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The term microsaccade describes a rapid, jerky gaze target movement of the eye with a very small amplitude between 3 and 50 angular minutes . The maximum speed of the movement is linearly dependent on the distance covered and is approximately 8 degrees / s with an amplitude of 5 angular minutes, 80 degrees / s with an amplitude of 50 angular minutes. In addition to slow drifts and micro-tremors, micro- saccades are part of what are known as micro-movements, which are counted as eye movements . They are used to regularly realign the lines of sight to a point of fixation, from which they constantly deviate by means of drifting movements, so as not to trigger any local adaptation .

Microsaccades typically occur 1 to 3 times per second, but their rate varies widely between people. In naive test persons, their amplitude is usually less than 30 arc minutes (typically <15 arcmin. This angle corresponds to approx. 80 µm or ≈ 40 photoreceptor displacement on the retina ). It is currently assumed that the generation of microsaccades and saccades are based on similar processes and shared neuronal structures.

Physiological importance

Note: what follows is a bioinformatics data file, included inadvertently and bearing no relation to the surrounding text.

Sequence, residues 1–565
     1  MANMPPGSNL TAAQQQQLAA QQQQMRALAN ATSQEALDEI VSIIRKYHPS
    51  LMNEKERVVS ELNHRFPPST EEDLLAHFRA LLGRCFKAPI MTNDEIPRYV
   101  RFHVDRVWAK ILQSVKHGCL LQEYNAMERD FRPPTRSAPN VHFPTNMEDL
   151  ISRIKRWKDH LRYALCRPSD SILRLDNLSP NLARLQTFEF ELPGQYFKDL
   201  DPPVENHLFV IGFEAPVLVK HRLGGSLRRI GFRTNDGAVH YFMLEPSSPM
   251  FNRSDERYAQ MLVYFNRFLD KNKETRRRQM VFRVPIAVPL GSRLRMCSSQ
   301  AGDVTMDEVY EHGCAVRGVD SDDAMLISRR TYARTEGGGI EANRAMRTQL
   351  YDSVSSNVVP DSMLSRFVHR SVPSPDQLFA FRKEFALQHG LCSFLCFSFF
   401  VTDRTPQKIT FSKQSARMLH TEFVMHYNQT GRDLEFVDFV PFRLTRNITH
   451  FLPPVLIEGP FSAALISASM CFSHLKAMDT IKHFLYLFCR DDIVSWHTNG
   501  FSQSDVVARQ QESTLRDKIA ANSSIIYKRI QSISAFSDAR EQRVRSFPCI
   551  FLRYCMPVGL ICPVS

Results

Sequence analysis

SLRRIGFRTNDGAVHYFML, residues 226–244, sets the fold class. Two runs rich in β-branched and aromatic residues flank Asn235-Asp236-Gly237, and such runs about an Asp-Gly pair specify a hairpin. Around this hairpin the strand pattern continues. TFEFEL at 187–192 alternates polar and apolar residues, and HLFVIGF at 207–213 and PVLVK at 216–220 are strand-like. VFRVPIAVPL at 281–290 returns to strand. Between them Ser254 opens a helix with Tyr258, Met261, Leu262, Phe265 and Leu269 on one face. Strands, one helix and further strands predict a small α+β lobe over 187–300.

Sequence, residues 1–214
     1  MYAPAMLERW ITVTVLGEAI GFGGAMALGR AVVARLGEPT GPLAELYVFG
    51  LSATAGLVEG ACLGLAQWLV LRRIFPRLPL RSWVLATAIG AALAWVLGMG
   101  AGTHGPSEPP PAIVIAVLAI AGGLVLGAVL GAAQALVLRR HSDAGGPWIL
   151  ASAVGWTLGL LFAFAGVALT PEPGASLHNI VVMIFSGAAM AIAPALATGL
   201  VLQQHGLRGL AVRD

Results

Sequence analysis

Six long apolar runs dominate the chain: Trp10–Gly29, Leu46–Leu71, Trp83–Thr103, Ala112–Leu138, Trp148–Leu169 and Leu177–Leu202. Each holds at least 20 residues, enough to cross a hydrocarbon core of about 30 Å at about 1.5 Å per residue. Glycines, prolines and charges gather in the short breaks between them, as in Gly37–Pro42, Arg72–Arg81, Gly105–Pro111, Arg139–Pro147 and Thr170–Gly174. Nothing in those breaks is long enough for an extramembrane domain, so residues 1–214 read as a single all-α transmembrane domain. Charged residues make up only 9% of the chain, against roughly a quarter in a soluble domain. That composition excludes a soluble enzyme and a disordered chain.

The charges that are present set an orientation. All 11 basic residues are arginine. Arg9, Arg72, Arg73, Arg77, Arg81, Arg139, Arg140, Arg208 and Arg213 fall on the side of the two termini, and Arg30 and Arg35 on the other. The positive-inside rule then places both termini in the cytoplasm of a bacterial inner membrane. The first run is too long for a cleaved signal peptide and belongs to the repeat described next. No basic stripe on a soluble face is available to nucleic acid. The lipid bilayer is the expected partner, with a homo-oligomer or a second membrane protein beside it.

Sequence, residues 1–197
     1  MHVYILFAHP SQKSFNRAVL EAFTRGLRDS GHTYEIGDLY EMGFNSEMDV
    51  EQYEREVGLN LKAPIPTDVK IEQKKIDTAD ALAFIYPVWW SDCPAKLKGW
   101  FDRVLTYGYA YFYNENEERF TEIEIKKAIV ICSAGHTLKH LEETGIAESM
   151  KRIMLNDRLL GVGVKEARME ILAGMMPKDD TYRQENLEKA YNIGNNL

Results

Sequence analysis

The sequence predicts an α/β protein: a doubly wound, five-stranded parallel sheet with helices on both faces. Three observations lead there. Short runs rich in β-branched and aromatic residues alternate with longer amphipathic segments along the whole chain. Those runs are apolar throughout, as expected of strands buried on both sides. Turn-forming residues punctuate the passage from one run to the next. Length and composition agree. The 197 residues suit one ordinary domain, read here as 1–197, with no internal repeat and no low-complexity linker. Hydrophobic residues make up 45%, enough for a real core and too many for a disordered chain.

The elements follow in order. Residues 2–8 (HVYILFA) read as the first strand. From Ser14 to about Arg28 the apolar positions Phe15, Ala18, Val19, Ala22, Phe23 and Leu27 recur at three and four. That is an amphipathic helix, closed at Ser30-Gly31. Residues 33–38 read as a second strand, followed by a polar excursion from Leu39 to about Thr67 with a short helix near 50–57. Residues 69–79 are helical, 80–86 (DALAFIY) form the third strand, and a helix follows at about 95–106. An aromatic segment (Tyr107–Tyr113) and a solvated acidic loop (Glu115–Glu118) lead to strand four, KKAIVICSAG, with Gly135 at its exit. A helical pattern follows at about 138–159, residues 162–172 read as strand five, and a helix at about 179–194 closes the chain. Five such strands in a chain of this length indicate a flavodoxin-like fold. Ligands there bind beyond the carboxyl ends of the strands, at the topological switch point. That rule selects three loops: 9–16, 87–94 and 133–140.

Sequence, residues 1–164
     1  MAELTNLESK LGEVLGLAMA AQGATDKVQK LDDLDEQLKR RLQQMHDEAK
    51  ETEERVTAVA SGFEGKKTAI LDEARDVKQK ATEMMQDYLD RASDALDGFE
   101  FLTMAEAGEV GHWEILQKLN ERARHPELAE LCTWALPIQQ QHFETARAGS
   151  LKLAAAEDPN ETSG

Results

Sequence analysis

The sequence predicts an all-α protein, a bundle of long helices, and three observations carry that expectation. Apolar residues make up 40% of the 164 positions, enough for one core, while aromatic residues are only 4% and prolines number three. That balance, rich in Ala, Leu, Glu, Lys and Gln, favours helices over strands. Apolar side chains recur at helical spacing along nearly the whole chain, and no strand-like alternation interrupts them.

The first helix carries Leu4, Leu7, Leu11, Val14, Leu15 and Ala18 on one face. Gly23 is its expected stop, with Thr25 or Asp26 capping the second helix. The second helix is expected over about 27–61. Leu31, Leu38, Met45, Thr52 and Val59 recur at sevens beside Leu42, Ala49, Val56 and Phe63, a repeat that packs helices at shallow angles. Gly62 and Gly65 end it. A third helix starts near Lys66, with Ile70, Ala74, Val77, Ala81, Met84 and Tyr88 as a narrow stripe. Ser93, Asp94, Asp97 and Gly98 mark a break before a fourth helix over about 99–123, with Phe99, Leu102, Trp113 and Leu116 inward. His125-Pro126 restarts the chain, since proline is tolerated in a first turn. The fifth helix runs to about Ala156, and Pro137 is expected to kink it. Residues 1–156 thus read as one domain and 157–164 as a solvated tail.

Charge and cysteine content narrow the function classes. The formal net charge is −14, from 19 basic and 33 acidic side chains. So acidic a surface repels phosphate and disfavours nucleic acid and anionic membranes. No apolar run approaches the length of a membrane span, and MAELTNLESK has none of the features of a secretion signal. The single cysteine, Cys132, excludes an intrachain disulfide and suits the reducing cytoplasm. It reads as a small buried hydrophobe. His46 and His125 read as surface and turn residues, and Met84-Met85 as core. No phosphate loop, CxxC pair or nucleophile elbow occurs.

The receptors of the retina mainly react to changes in light conditions. A constant light stimulus leads to loss of vision due to receptor fatigue, resulting in the impression of self-gray (local adaptation). If the head is fixed and the eye muscles are paralyzed, temporary blindness occurs . Micro-movements of the eye constantly shift the light falling on the retina to various receptors and thus enable vision . Microsaccades seem to play a role here, especially for peripheral vision (seeing in the corner of the eye), since the receptive fields of the retinal cells there are too large to achieve changes in stimuli due to other micro-movements.

See also

Individual evidence

  1. Most naturally occurring human saccades have magnitudes of 15 degrees or less. A. TERRY BAHILL, DEBORAH ADLER, AND LAWRENCE STARK. | http://www.iovs.org/cgi/reprint/14/6/468.pdf
  2. ^ Martin Rolfs: In-between fixation and movement: On the generation of microsaccades and what they convey about saccade generation.


  • Herbert Kaufmann: Strabismus . With the collaboration of W. de Decker et al., Stuttgart: Enke, 1986, ISBN 3-432-95391-7

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